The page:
Tips 151-155: Don't Look to the Past in a Time of Change
Grow Your Business, Not Your Inbox
Don't Look to the Past During a Time of ChangeLooking to the past when the rest of the world is trying desperately to move forward prevents all involved from moving swiftly. You become the anchor, the weight, holding yourself and everyone else down. It may feel like an abrupt shifting of gears--but that's precisely what you have to do. During a time of change, you can't make assumptions. The old rules don't apply. Pay attention and stop interpreting things in relation to what used to be. Don't compare. Take in the new facts so you can respond to reality instead of your images of the good old days. Be willing to look forward and embrace new ideas.
Let People Know the Most Efficient Way to Reach YouIf you travel frequently or work in a time zone that is different from your main contacts, inform your colleagues how best to get in touch with you. How you decide to communicate will vary according to the other person's style. You may prefer to communicate with some people via e-mail because it is available 24 hours a day, while you may find a quick phone call or in-person chat more efficient with others. Let the nature and importance of your relationship dictate your mode of communication.
Leave Yourself a Bread-Crumb TrailIf you must remove paper documents from folders, it can sometimes be very difficult to locate the file again. Then, you end up having single sheets of paper on your desk that need to be filed. Make it extremely easy and mindless to return items to their original homes by leaving yourself a bread-crumb trail. When you remove a paper from a file, put a Post-it flag in the spot from which you removed the document, and place a matching Post-it on the actual document. This way you don't have to remember where you pulled the document from, and when you go back to put your papers away, all you need to do is match up the Post-its. Three minutes is all it'll take to return everything to its original home, as you match up Post-it flags.
Delete Tasks to Streamline Your To-Do ListDeleting tasks means deliberately deciding not to do them at all. Take a hard look at every item on your to-do list and ask yourself: What is the worst thing that would happen if this task or project weren't done? Would my life change drastically? Would anyone else be irreparably hurt? If the answer is no, cross it off your list. Let go of the obligation and guilt of tasks you will never get to anyway, and free your energy for what truly matters most.
More often than not, the act of eliminating tasks involves saying no to other people. If it is hard for you to say no, you will always end up doing things you don't really want to. You have to learn how to balance doing things for those you care about with honoring your own priorities and goals. Only you have your eye on your big-picture goals, and only you can decide what fits into your overall life balance and what does not.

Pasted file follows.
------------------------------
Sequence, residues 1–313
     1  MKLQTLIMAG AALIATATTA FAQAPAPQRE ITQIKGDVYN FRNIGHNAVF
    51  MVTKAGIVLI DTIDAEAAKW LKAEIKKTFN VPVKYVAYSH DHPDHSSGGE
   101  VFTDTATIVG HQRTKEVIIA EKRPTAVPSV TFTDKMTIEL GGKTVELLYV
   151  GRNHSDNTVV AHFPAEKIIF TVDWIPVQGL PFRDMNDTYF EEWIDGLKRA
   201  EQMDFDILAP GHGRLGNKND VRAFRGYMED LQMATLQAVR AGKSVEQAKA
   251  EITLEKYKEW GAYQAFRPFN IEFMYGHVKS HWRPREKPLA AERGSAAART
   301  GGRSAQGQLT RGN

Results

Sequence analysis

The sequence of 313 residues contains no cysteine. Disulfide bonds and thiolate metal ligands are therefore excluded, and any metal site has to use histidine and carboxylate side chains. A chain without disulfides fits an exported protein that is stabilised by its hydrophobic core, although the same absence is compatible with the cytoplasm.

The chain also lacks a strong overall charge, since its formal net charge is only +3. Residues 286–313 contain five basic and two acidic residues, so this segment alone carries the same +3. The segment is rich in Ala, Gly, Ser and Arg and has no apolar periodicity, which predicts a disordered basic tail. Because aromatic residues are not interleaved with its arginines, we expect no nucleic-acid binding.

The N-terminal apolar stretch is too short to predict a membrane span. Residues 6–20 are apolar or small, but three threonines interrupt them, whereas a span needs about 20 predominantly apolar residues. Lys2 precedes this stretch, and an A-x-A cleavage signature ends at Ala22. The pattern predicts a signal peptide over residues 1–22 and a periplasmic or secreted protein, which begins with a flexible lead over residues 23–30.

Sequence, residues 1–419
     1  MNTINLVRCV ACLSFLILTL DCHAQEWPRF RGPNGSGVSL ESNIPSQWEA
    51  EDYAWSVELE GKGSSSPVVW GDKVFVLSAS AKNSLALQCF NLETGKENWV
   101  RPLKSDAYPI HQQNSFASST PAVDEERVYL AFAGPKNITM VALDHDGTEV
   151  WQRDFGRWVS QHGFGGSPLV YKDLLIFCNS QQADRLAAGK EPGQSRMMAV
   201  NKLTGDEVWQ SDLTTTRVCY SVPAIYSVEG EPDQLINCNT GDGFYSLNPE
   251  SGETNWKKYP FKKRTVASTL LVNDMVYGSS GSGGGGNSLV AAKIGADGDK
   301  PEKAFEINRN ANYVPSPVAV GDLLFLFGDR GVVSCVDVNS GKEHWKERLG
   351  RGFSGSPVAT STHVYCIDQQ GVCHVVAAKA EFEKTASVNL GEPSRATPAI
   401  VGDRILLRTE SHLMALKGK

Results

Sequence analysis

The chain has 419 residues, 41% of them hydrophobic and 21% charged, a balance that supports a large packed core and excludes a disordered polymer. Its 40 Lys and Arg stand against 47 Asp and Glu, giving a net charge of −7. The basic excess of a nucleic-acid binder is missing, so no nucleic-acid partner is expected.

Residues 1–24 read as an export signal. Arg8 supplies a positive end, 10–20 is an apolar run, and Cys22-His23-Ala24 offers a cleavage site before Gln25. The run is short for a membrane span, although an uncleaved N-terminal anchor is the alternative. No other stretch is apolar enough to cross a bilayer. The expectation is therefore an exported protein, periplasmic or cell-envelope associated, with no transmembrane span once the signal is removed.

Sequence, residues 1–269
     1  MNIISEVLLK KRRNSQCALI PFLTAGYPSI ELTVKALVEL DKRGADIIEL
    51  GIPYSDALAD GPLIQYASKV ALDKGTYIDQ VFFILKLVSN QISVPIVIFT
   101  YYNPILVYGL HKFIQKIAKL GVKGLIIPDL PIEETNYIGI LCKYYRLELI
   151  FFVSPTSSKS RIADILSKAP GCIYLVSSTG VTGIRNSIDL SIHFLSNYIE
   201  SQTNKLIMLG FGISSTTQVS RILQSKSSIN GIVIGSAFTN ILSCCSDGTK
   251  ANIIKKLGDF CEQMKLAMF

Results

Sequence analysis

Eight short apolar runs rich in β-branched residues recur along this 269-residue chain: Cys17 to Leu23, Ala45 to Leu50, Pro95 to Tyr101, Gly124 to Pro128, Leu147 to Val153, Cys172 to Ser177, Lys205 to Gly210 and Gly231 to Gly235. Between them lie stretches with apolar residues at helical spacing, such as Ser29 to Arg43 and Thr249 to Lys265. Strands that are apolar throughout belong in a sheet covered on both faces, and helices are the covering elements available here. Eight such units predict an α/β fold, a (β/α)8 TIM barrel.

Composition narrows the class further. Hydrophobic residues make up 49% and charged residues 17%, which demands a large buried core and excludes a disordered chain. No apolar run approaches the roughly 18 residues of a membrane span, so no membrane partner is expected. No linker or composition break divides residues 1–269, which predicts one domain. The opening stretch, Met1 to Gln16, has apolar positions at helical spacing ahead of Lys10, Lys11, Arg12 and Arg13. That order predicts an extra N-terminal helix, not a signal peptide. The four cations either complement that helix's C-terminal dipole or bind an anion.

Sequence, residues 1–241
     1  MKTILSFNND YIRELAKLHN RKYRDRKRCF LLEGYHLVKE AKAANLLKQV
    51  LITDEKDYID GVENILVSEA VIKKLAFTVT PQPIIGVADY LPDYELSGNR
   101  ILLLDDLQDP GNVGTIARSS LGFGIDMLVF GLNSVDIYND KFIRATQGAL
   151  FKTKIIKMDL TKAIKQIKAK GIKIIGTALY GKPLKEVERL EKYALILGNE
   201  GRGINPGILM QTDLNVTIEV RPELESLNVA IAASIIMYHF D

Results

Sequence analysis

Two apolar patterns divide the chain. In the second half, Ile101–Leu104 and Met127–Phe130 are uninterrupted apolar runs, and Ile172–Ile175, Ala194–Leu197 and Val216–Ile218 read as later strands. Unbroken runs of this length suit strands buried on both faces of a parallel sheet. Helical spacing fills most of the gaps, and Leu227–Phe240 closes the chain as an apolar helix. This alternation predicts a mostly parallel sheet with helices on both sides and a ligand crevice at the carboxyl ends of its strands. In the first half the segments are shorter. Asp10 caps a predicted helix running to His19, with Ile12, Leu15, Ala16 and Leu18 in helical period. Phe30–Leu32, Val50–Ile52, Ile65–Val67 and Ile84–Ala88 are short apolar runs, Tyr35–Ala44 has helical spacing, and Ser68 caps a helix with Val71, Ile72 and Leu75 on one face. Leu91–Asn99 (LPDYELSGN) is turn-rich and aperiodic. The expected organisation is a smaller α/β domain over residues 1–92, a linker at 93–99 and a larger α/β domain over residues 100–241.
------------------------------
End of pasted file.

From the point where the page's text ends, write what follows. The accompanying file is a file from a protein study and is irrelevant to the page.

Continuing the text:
You need to get good at saying no. Think about the situations you often get trapped by. Be prepared to turn down requests gracefully by composing a few tailor-made responses; then practice delivering them. For example, to decline a request for committee work, you might respond "That sounds like a great project. I'm flattered that you think I'm the best person to handle it, but my schedule is far too jammed for me to do it justice right now. It wouldn't be responsible for me to say yes."
Delay Tasks for a Time That Works with Your ScheduleDelay does not mean procrastinate. Procrastination is about indefinite postponement; delaying is about consciously rescheduling something for a more appropriate time. Delaying in this sense is actually proactive--you are choosing the best time to do something so that it works with your schedule, work style and priorities.
Scan your list of to-dos and ask yourself: What absolutely doesn't have to happen today? Even if you've determined that a task is important, consider whether it can be postponed a day or a week to a more logical and practical time. For example, your first day back from vacation may not be the most effective time to tackle that presentation, even though it is due in two weeks. Better to go through your backlog, get reoriented and schedule the project for a few days later, when you are able to truly focus. Instead of going to the electronics store this weekend to shop for a new computer, you may want to delay it until next month, when the stores are running electronics sales.
Delaying sometimes requires that we fight our own impulse to gravitate toward tasks we enjoy or consider easy at the expense of more important, difficult ones. Delaying also involves resisting your tendency to instantly respond to requests from other people. Just because someone asks you to do something the moment they think of it doesn't mean it's urgent; perhaps they just wanted to get it off their own list.